Low-Paying Jobs Are Here To Stay
By Tami Luhby
NEW YORK -- Stuck in a job with lousy pay? Better get used to it.
Some 28 percent of workers are expected to hold low-wage jobs in 2020, roughly the same percentage as in 2010, according to a study by the Economic Policy Institute. The study defines low-paying jobs as those with wages at or below what full-time workers must earn to live above the poverty level for a family of four. In 2011, this was $23,005, or $11.06 an hour.
The economy won't support much growth in jobs with higher salaries, said Rebecca Thiess, policy analyst at the left-leaning Economic Policy Institute, who crunched government data to come up with these projections.
"Far too many economic pundits take for granted that the economy of the future will demand far greater skills and credentials," she wrote in a recent paper.
While all eyes are on Friday's monthly jobs report to find out how many positions were added in July, a growing number of economists are concerned with the quality of the jobs being created.
Lower wage occupations grew by 3.2 percent over the year ending in the first quarter of 2011, according to the National Employment Law Project. This was fueled mainly by the expansion of retail salespeople, office clerks, cashiers, food prep workers and store clerks, whose median hourly wages ranged from $7.51 to $13.52.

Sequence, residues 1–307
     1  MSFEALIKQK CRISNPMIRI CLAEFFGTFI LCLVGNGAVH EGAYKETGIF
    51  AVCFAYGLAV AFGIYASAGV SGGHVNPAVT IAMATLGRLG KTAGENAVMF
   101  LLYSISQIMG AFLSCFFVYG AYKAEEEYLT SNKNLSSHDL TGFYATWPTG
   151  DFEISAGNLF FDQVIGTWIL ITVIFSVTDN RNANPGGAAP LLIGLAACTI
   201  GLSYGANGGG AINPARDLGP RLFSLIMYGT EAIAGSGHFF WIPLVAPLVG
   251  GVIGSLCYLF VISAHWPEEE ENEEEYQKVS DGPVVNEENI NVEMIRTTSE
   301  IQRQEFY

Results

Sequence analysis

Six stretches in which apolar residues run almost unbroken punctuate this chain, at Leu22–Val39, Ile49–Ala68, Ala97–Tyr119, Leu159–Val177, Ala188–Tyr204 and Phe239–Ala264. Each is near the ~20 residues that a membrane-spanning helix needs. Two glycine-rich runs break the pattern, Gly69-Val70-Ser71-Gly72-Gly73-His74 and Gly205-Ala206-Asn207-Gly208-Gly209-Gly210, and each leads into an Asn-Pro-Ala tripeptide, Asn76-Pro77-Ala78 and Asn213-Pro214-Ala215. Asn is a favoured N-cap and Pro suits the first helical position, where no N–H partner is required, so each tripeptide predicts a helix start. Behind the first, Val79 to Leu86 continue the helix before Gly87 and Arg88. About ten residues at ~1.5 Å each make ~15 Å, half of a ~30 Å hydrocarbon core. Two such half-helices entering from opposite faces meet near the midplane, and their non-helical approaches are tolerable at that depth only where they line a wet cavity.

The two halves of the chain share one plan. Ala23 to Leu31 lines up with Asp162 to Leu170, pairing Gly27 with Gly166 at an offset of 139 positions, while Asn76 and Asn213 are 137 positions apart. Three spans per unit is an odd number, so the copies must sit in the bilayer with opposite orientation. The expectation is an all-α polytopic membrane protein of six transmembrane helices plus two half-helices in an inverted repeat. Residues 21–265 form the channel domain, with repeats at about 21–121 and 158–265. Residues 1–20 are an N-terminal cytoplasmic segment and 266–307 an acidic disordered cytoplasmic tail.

Only food preparation jobs, which have the greatest share of low-wage workers at nearly 74 percent, are expected to shrink a bit.
And lousy paying jobs are getting even lousier, as their pay has fallen. Workers at this end of the pay scale actually found their wages shrank in recent years, according to NELP. Between early 2008 and early 2011, low-wage workers' median pay contracted by 2.3 percent, more than double the rate of mid-wage employees.
Meanwhile, higher-wage workers enjoyed a small increase in pay.
Mid-wage jobs, which were hit especially hard during the recession, expanded by only 1.2 percent. Higher-salary occupations declined by 1.2 percent.
The predominance of low-wage jobs is not good for either workers or the economy, said John Schmitt, a senior economist at the Center for Economic and Policy Research. These jobs often lack pension benefits and health insurance, as well as sick days and vacation time. There is also little path for advancement.
If workers are making low wages, they can't afford to shop and prop up the American economy, he said. Around two-thirds of the economy is consumer spending.
Also, since low-wage workers are better educated now than they have been in the past, college may increasingly seem like a questionable expense.
"They will start asking whether college is worth it," Schmitt said.
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